B. Summary judgment in favor of the individual defendants.

In her brief on appeal, plaintiff mistakenly refers to the district court's summary judgment in favor of the individual defendants as being based on qualified immunity. This was not the holding of the district court. The court held that in their official capacities, the individual defendants were acting on behalf of and within the stated policies of the school district and, as such, were entitled to the same protection of sovereign immunity available to the school district itself. Bradshaw v. Alpine School District, No. 88-C-0350G, Memorandum Decision and Order at 8-9 (D. Utah Mar. 26, 1991) (district court order). The district court was correct in this analysis. See Hafer v. Melo, 112 S. Ct. 358, 1991 WL 221067, at * 4 (1991) ("State officers sued for damages in their official capacity are not 'persons' for the purposes of the suit because they assume the identity of the government that employs them.") (citing Will v. Michigan Dept. of State Police, 491 U.S. 58, 71, 109 S. Ct. 2304, 2311 (1989)).

However, we must reverse the district court's decision as it pertains to these three defendants in their individual capacities. The district court granted summary judgment on plaintiff's claims against these defendants acting in their individual capacities, holding that the individual defendants were not acting outside their official duties or in contravention of the school district's policies and procedures in the conduct for which plaintiff was bringing suit:

Even though invited to do so by the court, plaintiff has failed to come forward with sufficient evidence to demonstrate that the actions complained of in fact were performed by defendants personally and not at the direction of the School District or as part of the official duties of employment. Plaintiff has failed to show that the action of the individual defendants were in contravention to policies and procedures of the Alpine School district.

District court order at 11-12.

After the district court's Memorandum Decision and Order was filed, the Supreme Court clarified its previous decision, published in Will v. Michigan Dept. of State Police, 491 U.S. 58 (1989), concerning whether state officials acting in their official capacities but sued in their individual capacities were "persons" liable for suit under § 1983. In Hafer v. Melo, 112 S. Ct. 358, 1991 WL 221067 (1991), the Court held that "state officials, sued in their individual capacities, are 'persons' within the meaning of § 1983. The Eleventh Amendment does not bar such suits, nor are state officers absolutely immune from personal liability under § 1983 solely by virtue of the 'official' nature of their acts." Id., at (emphasis added).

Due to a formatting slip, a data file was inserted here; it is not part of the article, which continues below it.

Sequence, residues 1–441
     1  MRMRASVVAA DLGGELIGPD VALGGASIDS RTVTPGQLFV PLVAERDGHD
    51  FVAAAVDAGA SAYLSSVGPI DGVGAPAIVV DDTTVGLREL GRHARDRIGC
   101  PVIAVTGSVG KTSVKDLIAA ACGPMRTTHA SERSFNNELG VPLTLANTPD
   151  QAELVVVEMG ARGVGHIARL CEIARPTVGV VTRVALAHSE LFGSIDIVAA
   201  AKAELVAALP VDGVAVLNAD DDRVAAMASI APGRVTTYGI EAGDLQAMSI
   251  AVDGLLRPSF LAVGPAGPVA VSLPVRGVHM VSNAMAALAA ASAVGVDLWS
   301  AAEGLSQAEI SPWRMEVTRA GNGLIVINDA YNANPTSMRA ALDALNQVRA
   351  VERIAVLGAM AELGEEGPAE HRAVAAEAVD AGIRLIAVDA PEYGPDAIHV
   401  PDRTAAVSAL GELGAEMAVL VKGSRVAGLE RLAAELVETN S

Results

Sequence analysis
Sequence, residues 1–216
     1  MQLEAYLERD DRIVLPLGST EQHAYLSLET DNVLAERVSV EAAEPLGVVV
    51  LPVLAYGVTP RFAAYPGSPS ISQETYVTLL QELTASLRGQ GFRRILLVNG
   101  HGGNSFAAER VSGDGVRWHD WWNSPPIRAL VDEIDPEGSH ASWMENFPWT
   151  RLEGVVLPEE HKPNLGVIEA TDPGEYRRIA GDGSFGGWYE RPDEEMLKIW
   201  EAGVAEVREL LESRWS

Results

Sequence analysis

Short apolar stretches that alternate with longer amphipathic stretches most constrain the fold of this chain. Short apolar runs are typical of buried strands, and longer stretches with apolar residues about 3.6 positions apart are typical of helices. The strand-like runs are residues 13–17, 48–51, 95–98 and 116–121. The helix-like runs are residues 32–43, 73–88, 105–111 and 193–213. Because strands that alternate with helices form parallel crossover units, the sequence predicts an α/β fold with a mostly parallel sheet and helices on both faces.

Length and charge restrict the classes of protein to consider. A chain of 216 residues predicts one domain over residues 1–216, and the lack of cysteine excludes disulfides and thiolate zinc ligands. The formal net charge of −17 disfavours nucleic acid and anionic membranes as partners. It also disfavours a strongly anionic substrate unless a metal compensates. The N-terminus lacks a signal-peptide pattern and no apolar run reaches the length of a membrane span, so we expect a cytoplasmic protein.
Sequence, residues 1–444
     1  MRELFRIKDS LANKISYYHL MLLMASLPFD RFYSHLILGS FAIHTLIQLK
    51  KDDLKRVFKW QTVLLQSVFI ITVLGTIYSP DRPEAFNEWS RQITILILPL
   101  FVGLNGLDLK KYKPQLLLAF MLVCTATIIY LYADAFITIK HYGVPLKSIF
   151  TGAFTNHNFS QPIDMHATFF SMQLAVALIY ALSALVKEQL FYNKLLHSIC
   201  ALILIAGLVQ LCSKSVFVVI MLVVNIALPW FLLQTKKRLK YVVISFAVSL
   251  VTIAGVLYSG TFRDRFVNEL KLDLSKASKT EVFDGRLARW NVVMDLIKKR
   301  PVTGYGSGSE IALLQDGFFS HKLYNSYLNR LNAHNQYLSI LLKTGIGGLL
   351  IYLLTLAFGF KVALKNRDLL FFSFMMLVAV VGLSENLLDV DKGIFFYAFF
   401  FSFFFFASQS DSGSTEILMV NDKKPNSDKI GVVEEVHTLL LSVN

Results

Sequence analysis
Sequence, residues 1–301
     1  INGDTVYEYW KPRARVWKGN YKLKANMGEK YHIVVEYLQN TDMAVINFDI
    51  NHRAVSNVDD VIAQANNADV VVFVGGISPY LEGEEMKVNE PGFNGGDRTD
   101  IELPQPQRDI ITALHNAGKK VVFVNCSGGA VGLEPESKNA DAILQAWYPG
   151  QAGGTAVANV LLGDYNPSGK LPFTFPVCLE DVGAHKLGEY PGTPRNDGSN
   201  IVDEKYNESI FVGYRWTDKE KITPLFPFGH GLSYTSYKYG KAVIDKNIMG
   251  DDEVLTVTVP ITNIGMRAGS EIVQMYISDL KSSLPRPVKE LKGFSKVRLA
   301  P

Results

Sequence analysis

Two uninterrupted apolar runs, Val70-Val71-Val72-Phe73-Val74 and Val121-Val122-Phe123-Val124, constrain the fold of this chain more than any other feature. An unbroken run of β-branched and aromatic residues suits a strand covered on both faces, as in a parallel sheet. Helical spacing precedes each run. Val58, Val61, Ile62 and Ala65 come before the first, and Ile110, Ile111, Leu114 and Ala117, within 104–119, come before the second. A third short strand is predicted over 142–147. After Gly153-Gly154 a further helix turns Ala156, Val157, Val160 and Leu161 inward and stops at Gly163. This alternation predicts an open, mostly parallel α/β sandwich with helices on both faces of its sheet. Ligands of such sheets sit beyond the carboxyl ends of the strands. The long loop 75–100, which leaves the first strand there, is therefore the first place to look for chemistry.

The district court issued summary judgment in favor of these three defendants in their individual capacities on the grounds of Eleventh Amendment sovereign immunity. In light of Hafer v. Melo, we must reverse the order of the district court with respect to Clark L. Cox, Colene Granger, and William Stanford Stubbs in their individual capacities only.2  Under Hafer, these defendants in their individual capacities are not protected by sovereign immunity from a § 1983 lawsuit for their actions, even though these actions were conducted as part of their official duties. The individual defendants, however, may be entitled to "qualified immunity" recognized in a long line of cases. The inquiry in this regard to be undertaken by the trial court on remand is whether the conduct charged to the individual defendants is such that it violates clearly established constitutional or statutory rights which a reasonable person would have known. Harlow v. Fitzgerald, 457 U.S. 800, 815 (1982); Houston v. Reich, 932 F.2d 883, 886-87 (10th Cir. 1991).3 

The judgment of the United States District Court for the District of Utah is AFFIRMED in part, REVERSED in part, and REMANDED for further proceedings consistent with this order. The mandate shall issue forthwith.

 *

This order and judgment has no precedential value and shall not be cited, or used by any court within the Tenth Circuit, except for purposes of establishing the doctrines of the law of the case, res judicata, or collateral estoppel. 10th Cir.R. 36.3

 1

After examining the briefs and appellate record, this panel has determined unanimously that oral argument would not materially assist the determination of this appeal. See Fed. R. App. P. 34(a); 10th Cir.R. 34.1.9. The case is therefore ordered submitted without oral argument

 2

Defendants' Motion to File Memorandum on Recent Decision is hereby GRANTED. Defendants' motion for sanctions under Rule 46.6.1 is hereby DENIED

 3

We offer no opinion as to the substance of plaintiff's claims against these three defendants in their individual capacities